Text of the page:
American ‘rapping jihadi’ killed in Al-Shabab ambush in Somalia
Omar Hammami, a native of Alabama, died in village after being on the run for several months following fallout with militant leader
Associated Press in Mogadishu
A "rapping jihadi" from Alabama who ascended the ranks of Somalia's al-Qaeda-linked militant group and was on the FBI's Most Wanted list with a US$5 million reward for his capture was killed yesterday in an ambush ordered by the militant group's leader, rebels said.
Omar Hammami, a native of Daphne, Alabama, who was known as Abu Mansoor Al-Amriki, or "the American", died in Bardhere, a small settlement in southern Somalia following several months on the run after a falling-out with al-Shabab's top leader. Reports of Hammami's death crop up every few months in Somalia, only for him to resurface a short while later.
But a US terrorism expert who closely follows the inner workings of al-Shabab says he thinks that the current reports of his death are accurate.
"It's very likely true based on the sources I am seeing," said J.M. Berger, who runs the website Intelwire.com
A shopkeeper from the rebel-controlled village heard al-Shabab fighters confirm the deaths and said the militants had closed off the area where Hammami was gunned down.
"This morning al-Amriki and his comrades were attacked by well armed fighters," village resident Hussein Nur said. "After a brief fight al-Amriki and his two colleagues were killed. Several of their guards escaped."
Extremist websites, including one previously close to Hammami, confirmed his death and said a Briton, known as Osama al-Britani, was also killed. Other reports, however, suggested he was Egyptian or Pakistani.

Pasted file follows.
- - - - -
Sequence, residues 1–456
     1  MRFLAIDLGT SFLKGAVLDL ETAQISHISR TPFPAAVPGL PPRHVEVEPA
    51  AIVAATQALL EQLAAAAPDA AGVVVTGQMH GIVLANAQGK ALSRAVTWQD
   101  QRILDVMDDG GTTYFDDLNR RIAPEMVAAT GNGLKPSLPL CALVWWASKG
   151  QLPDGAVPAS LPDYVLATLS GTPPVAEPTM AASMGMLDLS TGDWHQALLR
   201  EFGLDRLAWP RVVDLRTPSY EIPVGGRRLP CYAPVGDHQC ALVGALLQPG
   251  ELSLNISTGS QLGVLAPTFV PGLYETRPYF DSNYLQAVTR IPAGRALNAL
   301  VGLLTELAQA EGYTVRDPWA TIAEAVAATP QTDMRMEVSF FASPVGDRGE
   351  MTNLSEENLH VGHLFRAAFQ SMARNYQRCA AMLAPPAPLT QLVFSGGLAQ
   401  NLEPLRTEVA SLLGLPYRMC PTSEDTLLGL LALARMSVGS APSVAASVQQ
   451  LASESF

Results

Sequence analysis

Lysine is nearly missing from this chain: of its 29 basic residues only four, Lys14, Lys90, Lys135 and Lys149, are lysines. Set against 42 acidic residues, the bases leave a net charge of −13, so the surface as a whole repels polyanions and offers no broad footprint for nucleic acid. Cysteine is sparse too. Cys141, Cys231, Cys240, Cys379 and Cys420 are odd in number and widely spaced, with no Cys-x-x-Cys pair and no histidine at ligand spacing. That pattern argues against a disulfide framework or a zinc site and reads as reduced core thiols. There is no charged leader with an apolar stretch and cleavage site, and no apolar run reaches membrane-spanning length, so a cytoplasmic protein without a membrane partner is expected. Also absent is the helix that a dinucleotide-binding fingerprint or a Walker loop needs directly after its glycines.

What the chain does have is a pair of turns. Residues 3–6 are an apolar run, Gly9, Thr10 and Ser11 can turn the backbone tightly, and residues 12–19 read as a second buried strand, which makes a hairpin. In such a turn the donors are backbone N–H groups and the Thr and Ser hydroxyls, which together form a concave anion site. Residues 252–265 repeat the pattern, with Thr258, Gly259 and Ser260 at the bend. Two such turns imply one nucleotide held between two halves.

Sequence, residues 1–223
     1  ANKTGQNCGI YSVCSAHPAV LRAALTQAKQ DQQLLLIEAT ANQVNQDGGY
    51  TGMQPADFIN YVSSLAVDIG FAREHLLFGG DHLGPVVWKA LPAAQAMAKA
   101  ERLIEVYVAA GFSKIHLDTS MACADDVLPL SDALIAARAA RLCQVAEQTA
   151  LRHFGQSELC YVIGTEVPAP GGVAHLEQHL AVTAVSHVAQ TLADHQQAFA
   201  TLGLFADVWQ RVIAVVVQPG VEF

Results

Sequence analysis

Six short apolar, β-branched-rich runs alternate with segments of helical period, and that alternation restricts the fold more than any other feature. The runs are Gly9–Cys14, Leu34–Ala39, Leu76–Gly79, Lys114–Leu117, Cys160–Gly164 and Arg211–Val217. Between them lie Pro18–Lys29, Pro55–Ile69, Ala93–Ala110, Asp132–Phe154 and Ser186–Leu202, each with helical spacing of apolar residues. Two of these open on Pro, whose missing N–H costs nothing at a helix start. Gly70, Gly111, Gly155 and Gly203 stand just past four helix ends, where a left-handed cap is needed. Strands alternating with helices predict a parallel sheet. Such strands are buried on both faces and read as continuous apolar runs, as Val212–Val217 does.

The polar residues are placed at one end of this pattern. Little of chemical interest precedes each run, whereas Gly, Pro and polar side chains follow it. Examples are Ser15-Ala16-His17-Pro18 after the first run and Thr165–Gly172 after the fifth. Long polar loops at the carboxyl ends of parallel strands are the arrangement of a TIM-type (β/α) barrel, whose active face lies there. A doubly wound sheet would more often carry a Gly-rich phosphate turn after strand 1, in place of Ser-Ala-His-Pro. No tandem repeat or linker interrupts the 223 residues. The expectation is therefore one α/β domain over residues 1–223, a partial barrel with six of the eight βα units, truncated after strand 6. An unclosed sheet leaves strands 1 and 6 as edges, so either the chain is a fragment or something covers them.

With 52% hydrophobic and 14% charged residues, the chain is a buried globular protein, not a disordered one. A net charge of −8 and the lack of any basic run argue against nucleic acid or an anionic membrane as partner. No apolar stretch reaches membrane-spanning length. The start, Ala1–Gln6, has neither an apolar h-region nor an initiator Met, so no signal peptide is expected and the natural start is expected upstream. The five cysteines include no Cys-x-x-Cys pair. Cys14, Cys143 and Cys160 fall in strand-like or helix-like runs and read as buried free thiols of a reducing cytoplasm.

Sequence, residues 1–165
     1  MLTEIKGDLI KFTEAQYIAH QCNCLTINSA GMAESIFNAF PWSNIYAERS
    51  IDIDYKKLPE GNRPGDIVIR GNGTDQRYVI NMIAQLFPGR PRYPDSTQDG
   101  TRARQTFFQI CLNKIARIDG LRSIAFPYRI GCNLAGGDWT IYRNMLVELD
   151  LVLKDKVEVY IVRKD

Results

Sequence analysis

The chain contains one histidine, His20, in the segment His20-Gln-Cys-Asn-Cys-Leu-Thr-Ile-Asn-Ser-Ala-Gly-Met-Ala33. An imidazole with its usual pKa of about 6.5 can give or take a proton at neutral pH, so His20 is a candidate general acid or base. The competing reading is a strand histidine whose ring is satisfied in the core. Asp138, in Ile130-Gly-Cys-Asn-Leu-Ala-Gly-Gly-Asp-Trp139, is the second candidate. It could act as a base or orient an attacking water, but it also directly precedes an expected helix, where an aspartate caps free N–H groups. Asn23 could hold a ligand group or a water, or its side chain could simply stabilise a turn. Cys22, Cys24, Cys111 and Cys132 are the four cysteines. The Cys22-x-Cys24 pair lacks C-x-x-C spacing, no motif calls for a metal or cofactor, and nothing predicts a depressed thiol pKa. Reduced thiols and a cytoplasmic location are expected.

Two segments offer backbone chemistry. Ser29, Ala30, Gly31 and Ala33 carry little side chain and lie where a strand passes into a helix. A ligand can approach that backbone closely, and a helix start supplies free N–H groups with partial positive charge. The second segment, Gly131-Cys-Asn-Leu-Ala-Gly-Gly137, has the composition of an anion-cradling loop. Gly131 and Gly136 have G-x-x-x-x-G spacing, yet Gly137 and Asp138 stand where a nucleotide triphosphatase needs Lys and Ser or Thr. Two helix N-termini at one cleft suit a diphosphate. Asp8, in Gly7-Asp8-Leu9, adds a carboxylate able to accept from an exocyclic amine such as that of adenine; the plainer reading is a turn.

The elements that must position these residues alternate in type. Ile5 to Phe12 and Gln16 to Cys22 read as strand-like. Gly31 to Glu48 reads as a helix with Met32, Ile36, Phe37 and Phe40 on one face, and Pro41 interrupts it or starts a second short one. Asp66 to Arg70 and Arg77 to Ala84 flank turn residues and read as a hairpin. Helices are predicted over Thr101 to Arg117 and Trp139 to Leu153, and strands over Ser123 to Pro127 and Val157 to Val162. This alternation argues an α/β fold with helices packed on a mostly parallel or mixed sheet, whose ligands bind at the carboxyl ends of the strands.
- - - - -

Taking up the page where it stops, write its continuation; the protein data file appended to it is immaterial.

Al-Shabab had declined to comment.
Along with Adam Gadahn in Pakistan - a former Osama bin Laden spokesman - Hammami is one of the two most notorious Americans in jihad groups. He grew up in Daphne, a community of 20,000 outside Mobile, the son of a Christian mother and a Syrian-born Muslim father.
His YouTube videos that featured him rapping and his presence on Twitter made him one of the most recognisable and studied US foreign fighters. The US put Hammami on its Most Wanted terrorist list in March.
Hammami moved from Alabama to Somalia and joined al-Shabab in about 2006. He fought alongside al-Shabab for years until they had a falling out amid signs of increasing tension between Somali and foreign fighters in the group. He first expressed fear for his life in a web video in March last year that publicised his rift with al-Shabab.
Hammami, who referred to himself as the "former poster boy", accused al-Shabab leader Mukhtar Abu Zubeyr, known as Ahmed Abdi Godane, of betraying the former presumed chief of al-Qaeda in east Africa, Fazul Abdullah Muhammad, leading to his killing in 2011 in Somalia. Fazul is thought to have planned the 1998 truck bombings of the US embassies in Nairobi and Dar es Salaam, and had a US$5 million bounty on his head.
In turn, al-Shabab accused Amriki of "spreading discord and disunity" and a "narcissistic pursuit of fame".
He had previously warned of assassination attempts against him, and posted forlorn photos on his Twitter account posing with automatic rifles, his lank hair held back by a headscarf.
The first serious attempt on his life was made in April.
"Just been shot in neck by shabab assassin. not critical yet," Hammami tweeted after the April attack. He later wrote on Twitter that the leader of al-Shabab was sending in forces from multiple directions. "We are few but we might get back up. abu zubayr has gone mad. he's starting a civil war," Hammami posted.
Additional reporting by Reuters, Agence France-Presse